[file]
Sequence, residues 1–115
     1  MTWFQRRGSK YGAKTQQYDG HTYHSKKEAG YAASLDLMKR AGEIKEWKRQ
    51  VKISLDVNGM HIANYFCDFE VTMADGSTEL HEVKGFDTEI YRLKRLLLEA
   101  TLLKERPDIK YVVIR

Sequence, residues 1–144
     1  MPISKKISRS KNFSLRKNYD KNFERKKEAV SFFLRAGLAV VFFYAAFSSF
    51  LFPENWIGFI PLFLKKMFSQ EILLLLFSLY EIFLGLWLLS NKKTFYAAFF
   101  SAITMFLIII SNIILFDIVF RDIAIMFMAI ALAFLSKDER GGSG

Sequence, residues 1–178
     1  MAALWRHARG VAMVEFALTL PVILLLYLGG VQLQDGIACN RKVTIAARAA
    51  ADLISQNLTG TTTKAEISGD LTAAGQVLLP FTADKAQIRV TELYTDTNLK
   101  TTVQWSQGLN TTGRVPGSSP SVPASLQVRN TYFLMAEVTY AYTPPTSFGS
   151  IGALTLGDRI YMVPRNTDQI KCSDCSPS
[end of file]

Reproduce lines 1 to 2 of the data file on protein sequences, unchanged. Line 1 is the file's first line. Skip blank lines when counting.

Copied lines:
Sequence, residues 1–115
     1  MTWFQRRGSK YGAKTQQYDG HTYHSKKEAG YAASLDLMKR AGEIKEWKRQ